Phone Booth
review by Dan Lybarger, 4 April 2003

Director Joel Schumacher's movies are a lot more fun when he's thinking small. When he has a gargantuan budget like he did in the unbearable Batman & Robin, his hyperactive visuals would seem like an annoying distraction if it weren't for the fact that there was no content to back them up. His Batman movies are terrible popcorn fare because the humans involved get lost in the gimmicks, making even the coolest of special effects dull.

Somehow when he's got a smaller canvas, a better script, Matthew Libatique's dazzling cinematography and Irish star Colin Farrell (The Recruit), Schumacher's films improve exponentially. His latest was shot in a mere twelve days and seems all the better because of its modesty. Phone Booth could be, with some fairness, dismissed as a stylistic exercise. Thankfully, its quick pace and engaging performances make it far more involving than simple experimentation. In fact, for once, Schumacher's acrobatic camerawork and wild-looking editing provide a nice complement to a static location.

Phone Booth takes place in a cramped New York City block that's a little unsettling even though cell phones outnumber guns there. Using the former, publicist Stu Shepard (Farrell) can do more damage than most folks can with a bazooka. As he paces through the streets, his gift of gab and skill with a bluff can turn idle boasting into concrete results. His cocky manner upsets some of the journalists he schmoozes, and he can even play on that dislike to hoodwink them into plugging his acts.

His talents are put to the test when he steps into his favorite phone booth (the only one left in Manhattan) one time too many. Afraid his wife (Radha Mitchell, Pitch Black) might spot his cell phone calls to his mistress (Katie Holmes) on the bills, Stu discovers that someone has been monitoring his visits to the booth and wants to teach him a deadly lesson. When someone rings his booth, Stu answers, and a menacing voice (belonging to a mesmerizing, assured Kiefer Sutherland) on the other end of the line informs the silver-tongued publicist that if he doesn't do as instructed, the caller will use him for target practice with his high-powered rifle.

A couple of convincing warning shots convince Stu the caller is demented enough to support his threat. Worse, Stu's proximity to the recent bullet holes earns the attention of the cops, especially one Capt. Ramey (Whitaker), and the neighborhood quickly descends into a long standoff with the police thinking that Stu is the one who fired the shots.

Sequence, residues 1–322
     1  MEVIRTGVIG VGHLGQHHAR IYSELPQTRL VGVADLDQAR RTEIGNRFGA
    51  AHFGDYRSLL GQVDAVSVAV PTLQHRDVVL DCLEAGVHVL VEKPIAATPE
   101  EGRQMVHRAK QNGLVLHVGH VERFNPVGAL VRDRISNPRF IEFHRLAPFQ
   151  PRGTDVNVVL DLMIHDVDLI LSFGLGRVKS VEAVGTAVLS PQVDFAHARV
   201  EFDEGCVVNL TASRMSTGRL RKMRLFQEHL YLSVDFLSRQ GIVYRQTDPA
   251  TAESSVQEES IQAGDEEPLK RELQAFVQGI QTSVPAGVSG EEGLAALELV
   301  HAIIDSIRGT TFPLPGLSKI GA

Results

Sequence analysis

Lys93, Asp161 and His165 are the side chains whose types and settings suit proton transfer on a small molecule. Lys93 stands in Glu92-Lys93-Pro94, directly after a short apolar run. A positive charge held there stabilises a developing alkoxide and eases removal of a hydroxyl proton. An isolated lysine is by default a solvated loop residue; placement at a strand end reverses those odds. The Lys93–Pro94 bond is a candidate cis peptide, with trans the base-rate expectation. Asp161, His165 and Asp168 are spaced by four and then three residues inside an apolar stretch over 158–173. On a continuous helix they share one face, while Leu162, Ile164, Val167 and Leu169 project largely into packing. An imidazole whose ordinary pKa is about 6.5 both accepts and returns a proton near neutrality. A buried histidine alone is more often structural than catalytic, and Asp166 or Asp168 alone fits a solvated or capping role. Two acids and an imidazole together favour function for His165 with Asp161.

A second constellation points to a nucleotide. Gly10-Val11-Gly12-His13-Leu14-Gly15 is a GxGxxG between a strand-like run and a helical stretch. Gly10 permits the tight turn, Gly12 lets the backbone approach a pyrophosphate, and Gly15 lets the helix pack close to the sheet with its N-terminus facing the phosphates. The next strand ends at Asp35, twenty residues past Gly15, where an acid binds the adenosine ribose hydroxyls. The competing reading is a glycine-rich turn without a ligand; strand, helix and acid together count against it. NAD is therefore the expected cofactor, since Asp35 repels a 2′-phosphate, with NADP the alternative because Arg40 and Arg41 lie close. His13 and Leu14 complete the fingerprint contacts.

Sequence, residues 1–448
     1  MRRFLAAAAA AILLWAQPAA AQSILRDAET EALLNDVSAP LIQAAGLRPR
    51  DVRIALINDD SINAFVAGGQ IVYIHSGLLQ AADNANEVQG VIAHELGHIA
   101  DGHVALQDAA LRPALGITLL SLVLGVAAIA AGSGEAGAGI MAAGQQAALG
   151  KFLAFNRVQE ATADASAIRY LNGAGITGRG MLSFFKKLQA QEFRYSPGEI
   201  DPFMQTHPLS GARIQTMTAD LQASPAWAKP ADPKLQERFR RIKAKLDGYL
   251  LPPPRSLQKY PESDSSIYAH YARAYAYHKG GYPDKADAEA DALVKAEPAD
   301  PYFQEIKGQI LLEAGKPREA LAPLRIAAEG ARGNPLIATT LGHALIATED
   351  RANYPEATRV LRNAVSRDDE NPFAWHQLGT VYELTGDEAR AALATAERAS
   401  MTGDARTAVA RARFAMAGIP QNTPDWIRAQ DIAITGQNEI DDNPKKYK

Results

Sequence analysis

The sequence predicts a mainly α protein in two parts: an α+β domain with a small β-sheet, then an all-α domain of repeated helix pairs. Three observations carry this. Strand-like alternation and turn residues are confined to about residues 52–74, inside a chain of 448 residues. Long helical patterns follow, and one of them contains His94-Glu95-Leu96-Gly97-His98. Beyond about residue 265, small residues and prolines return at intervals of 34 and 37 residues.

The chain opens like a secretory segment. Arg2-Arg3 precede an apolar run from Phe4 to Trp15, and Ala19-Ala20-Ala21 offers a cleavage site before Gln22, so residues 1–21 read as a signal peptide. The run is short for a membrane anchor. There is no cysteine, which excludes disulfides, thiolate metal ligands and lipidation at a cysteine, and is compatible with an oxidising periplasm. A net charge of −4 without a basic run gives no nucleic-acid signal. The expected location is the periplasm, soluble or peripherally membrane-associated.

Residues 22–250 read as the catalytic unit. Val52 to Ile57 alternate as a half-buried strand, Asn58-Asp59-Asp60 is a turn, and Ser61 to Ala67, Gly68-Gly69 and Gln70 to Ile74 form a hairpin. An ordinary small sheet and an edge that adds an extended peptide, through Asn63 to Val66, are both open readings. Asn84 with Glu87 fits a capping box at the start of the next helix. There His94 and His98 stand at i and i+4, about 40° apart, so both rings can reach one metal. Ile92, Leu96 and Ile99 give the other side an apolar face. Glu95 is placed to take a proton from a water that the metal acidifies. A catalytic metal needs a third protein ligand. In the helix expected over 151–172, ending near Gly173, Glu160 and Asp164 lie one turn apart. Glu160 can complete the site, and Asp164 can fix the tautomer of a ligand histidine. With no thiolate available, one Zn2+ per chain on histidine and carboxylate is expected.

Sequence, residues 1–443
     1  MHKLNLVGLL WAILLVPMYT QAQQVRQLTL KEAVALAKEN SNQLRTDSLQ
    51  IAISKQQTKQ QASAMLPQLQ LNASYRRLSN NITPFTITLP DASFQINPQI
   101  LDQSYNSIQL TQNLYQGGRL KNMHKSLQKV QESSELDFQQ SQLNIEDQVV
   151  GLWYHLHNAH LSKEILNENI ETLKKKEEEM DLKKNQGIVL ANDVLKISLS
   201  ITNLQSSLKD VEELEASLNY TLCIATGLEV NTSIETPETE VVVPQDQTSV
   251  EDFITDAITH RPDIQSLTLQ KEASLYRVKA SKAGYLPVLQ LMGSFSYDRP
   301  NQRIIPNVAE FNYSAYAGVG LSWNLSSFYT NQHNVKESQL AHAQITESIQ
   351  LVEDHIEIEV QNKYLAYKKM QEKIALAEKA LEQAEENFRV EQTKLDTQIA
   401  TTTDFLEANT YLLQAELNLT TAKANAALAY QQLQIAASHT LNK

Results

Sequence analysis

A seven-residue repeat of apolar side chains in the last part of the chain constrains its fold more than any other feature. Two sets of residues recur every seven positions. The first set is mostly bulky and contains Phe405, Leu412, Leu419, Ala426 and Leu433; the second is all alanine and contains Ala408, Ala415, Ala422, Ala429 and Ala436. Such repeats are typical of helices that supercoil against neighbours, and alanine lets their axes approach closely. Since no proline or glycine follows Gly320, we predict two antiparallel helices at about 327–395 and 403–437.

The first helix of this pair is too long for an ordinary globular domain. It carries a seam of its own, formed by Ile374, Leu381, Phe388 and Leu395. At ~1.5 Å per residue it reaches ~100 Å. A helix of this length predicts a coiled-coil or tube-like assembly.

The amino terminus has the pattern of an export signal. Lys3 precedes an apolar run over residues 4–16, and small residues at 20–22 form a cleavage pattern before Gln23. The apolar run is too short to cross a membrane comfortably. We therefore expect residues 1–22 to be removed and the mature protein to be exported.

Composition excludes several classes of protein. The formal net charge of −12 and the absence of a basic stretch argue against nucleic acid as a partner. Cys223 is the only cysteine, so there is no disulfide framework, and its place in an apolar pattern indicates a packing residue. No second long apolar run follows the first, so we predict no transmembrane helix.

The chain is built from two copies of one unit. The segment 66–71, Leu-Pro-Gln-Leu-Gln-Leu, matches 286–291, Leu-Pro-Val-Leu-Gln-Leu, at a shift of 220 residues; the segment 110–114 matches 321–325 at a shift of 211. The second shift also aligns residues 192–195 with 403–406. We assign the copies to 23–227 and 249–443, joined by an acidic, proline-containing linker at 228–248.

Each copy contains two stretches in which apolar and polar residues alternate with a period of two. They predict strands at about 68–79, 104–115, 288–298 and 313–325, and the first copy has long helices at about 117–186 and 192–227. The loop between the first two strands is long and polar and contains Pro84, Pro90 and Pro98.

The script by B-movie veteran Larry Cohen (Maniac Cop, It's Alive! and Black Caesar) makes the most out of the claustrophobic situation. The unseen sniper is especially menacing because he ranges from being gleeful sadist to being an eerie type of avenging angel. Because we're really not sure if the caller is merely toying with Stu or is on some kind of perverse moral crusade, he seems even scarier. He has all of Stu's weaknesses pegged and is immune to the publicist's considerable charm. He also has a creepy sense of humor. When a negotiator tries to talk Stu out of the booth by exposing his own personal foibles, Sutherland snaps, "Let's get this guy a seat on Oprah." But this is more than even Oprah herself could take.

The fact that the sniper is invisible gives less comfort. Schumacher's decision not to muffle Sutherland's voice with a "telephonish" sound is another plus because it makes his ominous pronouncements more immediate, and allows more of the sick glee from the actor's tone to come through.

What's occasionally refreshing about Phone Booth is that the cops who stumble on the stand off aren't stupid. In a lot of alleged thrillers I've had to sit through lately (like Abandon), the police are behind the audience by light years. As the captain in charge of the standoff, Forest Whitaker plays a fellow who can read between the lines well enough to tell that Stu is not in a typical hostage dilemma.

As the fellow who's literally under the gun, Farrell plays both the slickly successful huckster and the coerced repentant with equal finesse. Despite Stu's earlier infractions and appalling mendacity, his plight is involving enough to keep the film going.

Like Schumacher's last movie Bad Company, Phone Booth was delayed because its storyline was too similar to recent headlines. The former film about an attempted attack on New York City was postponed because of 9-11, and Phone Booth seemed inappropriate in the wake of the DC sniper attacks. Despite Schumacher's regrettable decision to begin and end his new movie with a shot of a communications satellite hovering over the Earth (does he have a quota for special effects to use?), Phone Booth is actually worth the wait.

Directed by:
Joel Schumacher

Colin Farrell
Kiefer Sutherland
Forest Whitaker
Radha Mitchell
Katie Holmes

Written by:
Larry Cohen

PG-13 - Parents
Strongly Cautioned.
Some material may
be inappropriate for
children under 13.






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